The Kavanaugh saga and what it means for American politics

12 Oct 2018


Last week Brett Kavanaugh was confirmed to the Supreme Court by a narrow 50-48 vote, following a contentious confirmation process. The new, staunchly conservative justice has shifted the court’s balance of power for a generation, and pundits worry that the judge could critically undermine trust in America’s highest court.


While Kavanaugh’s ascension to the court seemed inevitable at first, it was rocked by a credible allegation of attempted rape by Dr. Christine Blasey Ford, which was then followed by more accusations from different women. But, despite fears by those in the White House that Ford’s heart-wrenching testimony would sinks Kavanaugh’s nomination, the judge survived after he gave a highly emotional, angry and unprecedently partisan defence to the Senate Judiciary Committee.


One of the things that this process demonstrated was the ability of Republicans to effectively create two sides to any argument. While Ford showed her vulnerability and sense of civic duty during her testimony, the GOP were quick to point out lapses in her memory and other perceived flaws in her account.


The conversation around this betrays a lack of understanding among the public about what makes an accuser credible or not. Many expected Ford to remember not just her attempted rape, but all the other events surrounding it. However, as Ford herself remarked, our minds block out many details of our past, encoding only the most important details in our hippocampus.


However, while I personally have a very hard time believing Dr. Ford was anything other than truthful, maybe this is the wrong conversation to have. In any case, it is not the conversation that the power-brokers in this situation had.


The complete disregard for the traumatised Dr. Ford was best epitomised by the behaviour of Donald Trump after he encouraged a baying crowd to laugh at his ridicule of her. There are surely uncomfortable parallels between the laughter elicited by the president and the laughter of Kavanaugh that Ford says she most clearly remembers.


Trump then (remember the president once called for the execution of a wrongly accused 15 year old) argued that Kavanaugh’s actions at 17 should not affect whether or not he gets confirmed. We then saw the ‘party of family values’ argue that even if Kavanaugh did this he should still get the Supreme Court seat. They whipped a moral panic about false accusations against men, despite the fact that the number of occurrences of such events is dwarfed by the number of real and credible allegations of sexual assault and harassment.


We have yet to see what effect this will have on the midterms - it may help Republicans who are struggling to hold in conservative states and it may equally help Democrats in liberal areas, particularly in the Sun Belt. However, anyone who thinks this will have a transformative effect on voting would be wise to look at the rigidity of polling over the last year, in spite of the many twists and turns in American politics.


Growing partisanship in the USA means that accusations of serious wrongdoing are less damaging against those seeking higher office (who are supposed to be held to a higher standard), than they are against ordinary citizens – who cannot use their party identification as a ‘get out of jail free’ card. While, it is untrue to say that serious scandals, such as Trump’s ‘Access Hollywood’ tape, do not affect races, it is true that it does not affect the voting intentions of the majority of the electorate. It turns out that ‘doing the right thing’ and stepping aside after major scandal is not the political necessity we once thought. Instead, it was simply a fragile, political convention that could not withstand a class of politicians sorely lacking in self-respect.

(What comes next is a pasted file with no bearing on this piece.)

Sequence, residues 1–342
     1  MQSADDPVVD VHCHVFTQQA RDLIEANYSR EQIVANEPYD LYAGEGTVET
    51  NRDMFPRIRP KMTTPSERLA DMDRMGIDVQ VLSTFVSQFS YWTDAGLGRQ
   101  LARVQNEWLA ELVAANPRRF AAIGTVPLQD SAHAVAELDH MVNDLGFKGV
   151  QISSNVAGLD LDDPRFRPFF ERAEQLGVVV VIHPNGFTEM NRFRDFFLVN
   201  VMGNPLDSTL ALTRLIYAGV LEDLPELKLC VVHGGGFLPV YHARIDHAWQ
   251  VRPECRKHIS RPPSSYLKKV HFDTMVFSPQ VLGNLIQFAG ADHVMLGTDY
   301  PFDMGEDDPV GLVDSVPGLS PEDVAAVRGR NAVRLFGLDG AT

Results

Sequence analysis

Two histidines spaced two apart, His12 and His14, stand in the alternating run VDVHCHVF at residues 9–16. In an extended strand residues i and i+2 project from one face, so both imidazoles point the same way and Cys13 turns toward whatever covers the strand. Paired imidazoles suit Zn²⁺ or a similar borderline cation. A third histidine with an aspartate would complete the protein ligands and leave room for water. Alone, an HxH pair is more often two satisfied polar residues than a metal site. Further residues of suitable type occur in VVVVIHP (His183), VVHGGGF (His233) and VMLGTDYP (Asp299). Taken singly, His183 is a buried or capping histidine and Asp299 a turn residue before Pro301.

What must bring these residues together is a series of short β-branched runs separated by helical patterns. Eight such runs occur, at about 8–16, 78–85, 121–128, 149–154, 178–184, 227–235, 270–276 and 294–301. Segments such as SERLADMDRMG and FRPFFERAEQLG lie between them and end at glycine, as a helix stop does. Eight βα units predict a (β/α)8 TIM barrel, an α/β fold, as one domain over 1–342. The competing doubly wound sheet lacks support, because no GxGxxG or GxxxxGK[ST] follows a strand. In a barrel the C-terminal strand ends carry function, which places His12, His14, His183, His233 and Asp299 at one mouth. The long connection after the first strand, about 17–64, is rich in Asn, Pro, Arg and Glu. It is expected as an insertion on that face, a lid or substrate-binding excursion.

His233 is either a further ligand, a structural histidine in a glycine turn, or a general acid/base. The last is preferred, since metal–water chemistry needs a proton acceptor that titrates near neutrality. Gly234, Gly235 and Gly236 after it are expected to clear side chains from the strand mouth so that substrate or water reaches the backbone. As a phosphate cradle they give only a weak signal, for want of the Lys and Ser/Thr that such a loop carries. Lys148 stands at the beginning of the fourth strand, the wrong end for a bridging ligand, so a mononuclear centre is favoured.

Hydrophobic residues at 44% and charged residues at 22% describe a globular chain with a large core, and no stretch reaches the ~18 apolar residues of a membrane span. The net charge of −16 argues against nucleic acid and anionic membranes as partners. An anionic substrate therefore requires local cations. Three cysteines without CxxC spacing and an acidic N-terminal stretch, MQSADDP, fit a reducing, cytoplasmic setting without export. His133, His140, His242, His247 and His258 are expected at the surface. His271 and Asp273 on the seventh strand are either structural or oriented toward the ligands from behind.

Nevertheless, a record-breaking number of women are running for Congress this year and if these weeks have taught us anything it’s the importance of representation of under-represented groups. Indeed, it was 11 men on the Senate Judiciary Committee that single-handedly advanced Kavanaugh’s nomination to a vote and, one cannot help but feel that a more representative media could have covered this saga better. Instead, we got liberal talk show host Bill Maher blaming “social justice warriors” for this situation, condemning the examination of Kavanaugh’s high school behaviour and, saying that it is scary that we have to “automatically believe” women.


This ignores the fact that over 90% of rape allegations are true and, it is telling that the conclusions that Maher reached are the same conclusions that so many reached. Personally, what I took away from this was not a disdain for the MeToo movement (which I believe is deeply needed and long overdue), nor was it a fear that this has further divided an already splintered country. Instead it is the message this has sent to boys and men across the country.


Just as when Trump remarked “when your famous they let you do it”, I fear that millions of men and boys will get the message that they too can do what Kavanaugh is alleged to have done to Ford. The message that has been sent is that if you have a prestigious education you can get away with this, if you were young you can get away with this, and if your accuser doesn’t immediately come forward and isn’t the ‘perfect victim’ (i.e. introverted, innocent and, chaste) you too can get away with this.


In an attempt to juggle competing interests and improve their chances of re-election, supposed moderates, such as Susan Collins, Joe Manchin and Jeff Flake, have inflicted immeasurable damage on American democracy and have selfishly undermined the MeToo movement.

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